# Is it possible create crystalline solvate of electrons?

Okay, I know that this reads ridiculous insane, but one can obtain solvated electrons by adding sodium metal to liquid ammonia solution.

The chemical reaction as written in my inorganic chemistry textbook is this:

$$\ce{Na + x NH3 -> Na+ + e(NH3)_x-}$$

A metallic sheen is observed, and it supposed to have an absorption band at about $1500\ \mathrm{nm}$ that expands into the range of visible light corresponding to the solvated electrons.

These electrons can be react with alkynes as very powerful reducing agents to to remove an H from a C joined by a triple bond, also liberating hydrogen gas as such. This occurs in the solution made by an alkali metal, not from pure extracted electrons

$$\ce{RC#CH + e- -> RC#C- + 1/2 H2}$$

So I was wondering if pure electrons can be solvated in ammonia, if anyone could think of any means by which these electrons could be extracted from the layer, still solvated by ammonia, and some reaction chemistry could be used to trap electrons in a carbon cage in the form of a solid? It is already known that potassium can be electrostatically trapped in valinomycin between the carbonyl groups of valinomycin.

While it may be different small molecules have been trapped in fullerenes. If electrons could be solidified via extracting them from the metallic layer in the proposed reaction, and interacting them with a "host molecule" in host-guest chemistry, do you think that these materials would be highly conductive. It seems to me that captured electrons would have a much different chemistry than simply metals like copper which shed electrons when a current runs through them. Perhaps if these electrons could be absorbed into carbon nanotubes, then the conductivity of nanotubes would increase significantly and these electron complexes may be significantly more powerful computationally than silicon chips.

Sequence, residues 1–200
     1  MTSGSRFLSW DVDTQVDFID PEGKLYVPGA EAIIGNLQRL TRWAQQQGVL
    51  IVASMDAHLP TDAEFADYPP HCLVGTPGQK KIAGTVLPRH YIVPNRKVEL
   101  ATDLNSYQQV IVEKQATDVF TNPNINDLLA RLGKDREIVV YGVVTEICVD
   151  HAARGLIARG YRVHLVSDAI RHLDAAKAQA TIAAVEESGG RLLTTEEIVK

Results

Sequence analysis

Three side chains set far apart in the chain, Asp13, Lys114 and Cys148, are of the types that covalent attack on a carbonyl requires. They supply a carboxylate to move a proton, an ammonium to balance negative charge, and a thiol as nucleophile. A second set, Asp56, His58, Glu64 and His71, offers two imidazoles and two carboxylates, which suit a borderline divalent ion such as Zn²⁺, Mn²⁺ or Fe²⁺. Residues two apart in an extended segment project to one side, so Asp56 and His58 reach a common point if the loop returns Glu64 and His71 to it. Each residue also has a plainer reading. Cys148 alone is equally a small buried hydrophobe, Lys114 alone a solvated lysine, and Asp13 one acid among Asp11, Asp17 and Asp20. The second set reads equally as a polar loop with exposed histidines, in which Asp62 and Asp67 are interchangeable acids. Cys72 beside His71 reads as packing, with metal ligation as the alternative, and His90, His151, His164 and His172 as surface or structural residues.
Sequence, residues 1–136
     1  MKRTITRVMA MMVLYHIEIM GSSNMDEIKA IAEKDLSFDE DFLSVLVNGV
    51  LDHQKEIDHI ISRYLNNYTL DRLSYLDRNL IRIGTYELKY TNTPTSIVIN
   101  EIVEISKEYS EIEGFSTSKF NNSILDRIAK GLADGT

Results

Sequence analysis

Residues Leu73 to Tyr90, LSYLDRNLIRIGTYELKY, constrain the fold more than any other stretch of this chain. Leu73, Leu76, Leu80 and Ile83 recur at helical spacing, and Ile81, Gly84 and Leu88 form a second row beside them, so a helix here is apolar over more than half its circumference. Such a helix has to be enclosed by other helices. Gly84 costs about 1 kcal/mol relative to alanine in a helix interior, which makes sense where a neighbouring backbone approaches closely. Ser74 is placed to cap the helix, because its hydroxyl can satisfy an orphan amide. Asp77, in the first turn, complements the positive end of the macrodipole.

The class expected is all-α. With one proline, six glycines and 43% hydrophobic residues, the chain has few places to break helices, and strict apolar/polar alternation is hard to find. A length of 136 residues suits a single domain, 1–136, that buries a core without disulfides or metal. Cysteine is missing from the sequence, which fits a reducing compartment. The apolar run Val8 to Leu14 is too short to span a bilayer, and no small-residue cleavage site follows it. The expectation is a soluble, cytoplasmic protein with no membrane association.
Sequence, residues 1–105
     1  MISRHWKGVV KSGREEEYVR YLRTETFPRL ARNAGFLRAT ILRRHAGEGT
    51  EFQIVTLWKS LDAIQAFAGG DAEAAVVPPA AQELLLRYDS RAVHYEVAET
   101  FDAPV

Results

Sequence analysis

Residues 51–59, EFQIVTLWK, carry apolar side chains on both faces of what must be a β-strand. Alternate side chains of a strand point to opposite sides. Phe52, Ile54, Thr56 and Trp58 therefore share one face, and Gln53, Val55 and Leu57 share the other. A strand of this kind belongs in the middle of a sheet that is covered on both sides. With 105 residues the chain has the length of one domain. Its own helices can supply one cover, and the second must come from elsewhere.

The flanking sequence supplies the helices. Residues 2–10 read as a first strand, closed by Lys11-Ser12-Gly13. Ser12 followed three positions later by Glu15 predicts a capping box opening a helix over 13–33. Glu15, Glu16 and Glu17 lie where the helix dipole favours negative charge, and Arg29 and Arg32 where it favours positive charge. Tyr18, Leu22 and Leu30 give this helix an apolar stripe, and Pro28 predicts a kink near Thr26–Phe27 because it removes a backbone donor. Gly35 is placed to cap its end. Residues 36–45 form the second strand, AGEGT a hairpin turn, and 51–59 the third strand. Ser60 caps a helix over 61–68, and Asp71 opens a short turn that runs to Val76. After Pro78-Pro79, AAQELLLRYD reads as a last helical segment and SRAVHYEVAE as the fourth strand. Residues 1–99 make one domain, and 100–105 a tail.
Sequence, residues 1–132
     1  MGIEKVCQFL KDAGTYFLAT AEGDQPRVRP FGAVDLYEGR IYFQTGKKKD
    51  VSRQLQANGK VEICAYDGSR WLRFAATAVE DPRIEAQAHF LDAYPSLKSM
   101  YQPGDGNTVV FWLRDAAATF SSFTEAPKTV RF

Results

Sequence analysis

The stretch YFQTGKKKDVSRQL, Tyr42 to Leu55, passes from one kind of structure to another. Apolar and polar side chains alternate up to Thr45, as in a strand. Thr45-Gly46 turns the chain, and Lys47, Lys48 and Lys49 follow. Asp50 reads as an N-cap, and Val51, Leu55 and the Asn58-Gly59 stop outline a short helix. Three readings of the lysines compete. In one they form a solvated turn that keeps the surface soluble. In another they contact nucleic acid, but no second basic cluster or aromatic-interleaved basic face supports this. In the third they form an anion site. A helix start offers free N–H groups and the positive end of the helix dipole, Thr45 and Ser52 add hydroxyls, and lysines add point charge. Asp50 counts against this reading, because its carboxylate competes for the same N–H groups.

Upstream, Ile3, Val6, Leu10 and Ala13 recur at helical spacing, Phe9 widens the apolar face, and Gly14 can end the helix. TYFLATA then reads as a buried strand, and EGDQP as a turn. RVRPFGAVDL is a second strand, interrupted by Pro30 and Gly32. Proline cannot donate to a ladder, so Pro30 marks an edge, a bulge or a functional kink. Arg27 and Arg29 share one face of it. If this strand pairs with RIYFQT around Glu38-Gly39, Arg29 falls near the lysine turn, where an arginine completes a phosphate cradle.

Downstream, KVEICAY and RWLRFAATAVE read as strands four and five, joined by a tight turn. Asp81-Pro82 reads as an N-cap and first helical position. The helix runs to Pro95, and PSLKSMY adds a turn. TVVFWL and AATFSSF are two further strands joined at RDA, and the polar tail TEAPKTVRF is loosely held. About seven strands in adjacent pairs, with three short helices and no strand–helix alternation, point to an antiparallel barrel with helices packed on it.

Here is an experiment by the University of Nottingham scientists showing the solvation of electrons: https://www.youtube.com/watch?v=tYjQXjUUvwY

• Coulombic charge repulsion should make captured, solid electrons impossible. – BiggChemT Nov 9 '16 at 3:04
• Electrostatic repulsion is the main problem. For the same reason it would be impossible to obtain in bulk quantities some highly radioactive elements that undergo beta decay. – vapid Nov 9 '16 at 7:58
• It seems you're asking about solid electrides. These are very real and very interesting materials. – Nicolau Saker Neto Nov 9 '16 at 11:59
• Here's another very useful resource for electrides ch.imperial.ac.uk/rzepa/blog/?p=14272 from Prof Rzepa ... his blog is well worth studying. – user1945827 Apr 14 '17 at 7:47
• @NicolauSakerNeto I think that would make for an interesting answer. – Tyberius Oct 6 '17 at 16:54

The first problem which you will come through is Coulomb's law: $$\mathbf F=\frac{1}{4\pi \epsilon_{0}}\frac{Q_{1}Q_{2}}{|\mathbf r|^{2}}\frac{\mathbf r}{|\mathbf r|}$$ If you could somehow prepare even $0.01$ moles of electrons, they would be attracted to the ions which they were separated from very strongly even from kilometers away. The second problem is that electrons can't be simply trapped into any substance because of their wavelike nature and they would tend to "stay" in a localised or in a delocalised state in the molecoules. And here comes the two main things which are preventing such things to exist: